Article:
Judge Sentences Idaho Poacher to Spend Next 3 Elk Seasons Behind Bars

by Michael Freeman
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(Photo by: Arterra/Universal Images Group via Getty Images)

When caught poaching, it’s standard to fine offenders and/or issue jail time along with it. After an Idaho man was caught, a judge put a creative spin on his sentencing, saying the man must spend the next three elk seasons behind bars.

A judge in Shoshone County, Idaho sentenced Paul D. Coward to 90 days in jail for poaching elk but with a twist. Rather than serving his time consecutively, he’ll see incarceration for 30 days at a time. Additionally, these 30-day increments will occur once a year for three years in a row. Why stagger his jail time like this? The month-long intervals line up with the state’s elk hunting season, meaning he’ll have to sit them out, according to Field and Stream.

September serves as Idaho’s elk archery season and starting this year, Coward can’t participate. Additionally, Coward will pay $16,000 in fines, as well as $10,000 for unlawful possession of a mountain goat. The goat was killed in Washington and Coward hid it in his Idaho home. He also pled guilty to guiding without a license, illegally hunting over bait, conspiracy to provide illegal services, and possessing wildlife taken illegally, and unlawful possession of firearms. This laundry list of crimes resulted from a three-year investigation and two decades of complaints against Coward.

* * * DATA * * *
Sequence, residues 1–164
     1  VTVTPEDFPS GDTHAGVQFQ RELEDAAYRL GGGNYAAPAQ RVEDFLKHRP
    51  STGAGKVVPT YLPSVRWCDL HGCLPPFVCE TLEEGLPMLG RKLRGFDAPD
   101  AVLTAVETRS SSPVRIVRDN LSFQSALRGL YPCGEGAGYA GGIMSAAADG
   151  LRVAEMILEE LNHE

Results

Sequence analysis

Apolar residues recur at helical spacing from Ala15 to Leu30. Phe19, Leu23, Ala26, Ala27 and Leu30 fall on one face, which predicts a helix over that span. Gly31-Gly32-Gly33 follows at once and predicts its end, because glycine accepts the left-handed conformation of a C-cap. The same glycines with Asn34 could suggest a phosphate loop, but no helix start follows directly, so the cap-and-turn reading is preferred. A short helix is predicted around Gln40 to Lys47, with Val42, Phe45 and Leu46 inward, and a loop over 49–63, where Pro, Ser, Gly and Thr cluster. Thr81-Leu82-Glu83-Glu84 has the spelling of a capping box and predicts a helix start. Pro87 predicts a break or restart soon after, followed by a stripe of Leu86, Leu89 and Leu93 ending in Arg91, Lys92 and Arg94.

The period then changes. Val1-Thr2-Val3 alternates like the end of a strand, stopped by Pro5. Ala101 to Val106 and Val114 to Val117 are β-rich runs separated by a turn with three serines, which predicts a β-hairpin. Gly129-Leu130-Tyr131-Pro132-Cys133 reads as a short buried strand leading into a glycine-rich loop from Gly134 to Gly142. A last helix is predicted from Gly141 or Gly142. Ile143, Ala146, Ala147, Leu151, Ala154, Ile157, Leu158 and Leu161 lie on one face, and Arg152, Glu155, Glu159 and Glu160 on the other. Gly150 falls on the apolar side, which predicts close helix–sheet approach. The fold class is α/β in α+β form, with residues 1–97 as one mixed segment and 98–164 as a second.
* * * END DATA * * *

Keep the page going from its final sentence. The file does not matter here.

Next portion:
Dave Overman, an Idaho Department of Fish and Game conservation officer, issued a release about the sentencing. “The most serious and intentional poaching cases are the hardest to crack. Through collaboration that began with community tips and ended with state agencies working together to gather the facts and evidence necessary for successful prosecution, this case demonstrates that justice can be brought to those who disregard Idaho’s wildlife laws.”

Bus Plows into Elk Herd on Colorado Highway, Killing 10 of Them

The past few months haven’t been kind to elk, it seems. Late last year, a bus plowed into an elk herd in Colorado, killing ten of them.

Aspen Daily News stated the crash occurred on Highway 82 near Glenwood Springs in late December 2021. A Roaring Fork Transportation Authority bus was driving in snowy conditions on the highway when an elk herd appeared on the road. Unable to avoid them, the bus struck the elk, killing ten of them. A second vehicle also struck an elk and rolled over. Luckily, none of the passengers in either vehicle were harmed.

The accident prompted locals to create a Facebook group called “Roaring Fork Valley Wildlife Overpass Advocates.” Said group intends to share ideas and positively help local wildlife. For instance, one initiative involves building overpasses in areas densely populated with animals to minimize vehicle-related fatalities.

Though the group lacks momentum as of now, they remain hopeful their ideas will receive the attention they deserve.

Outsider.com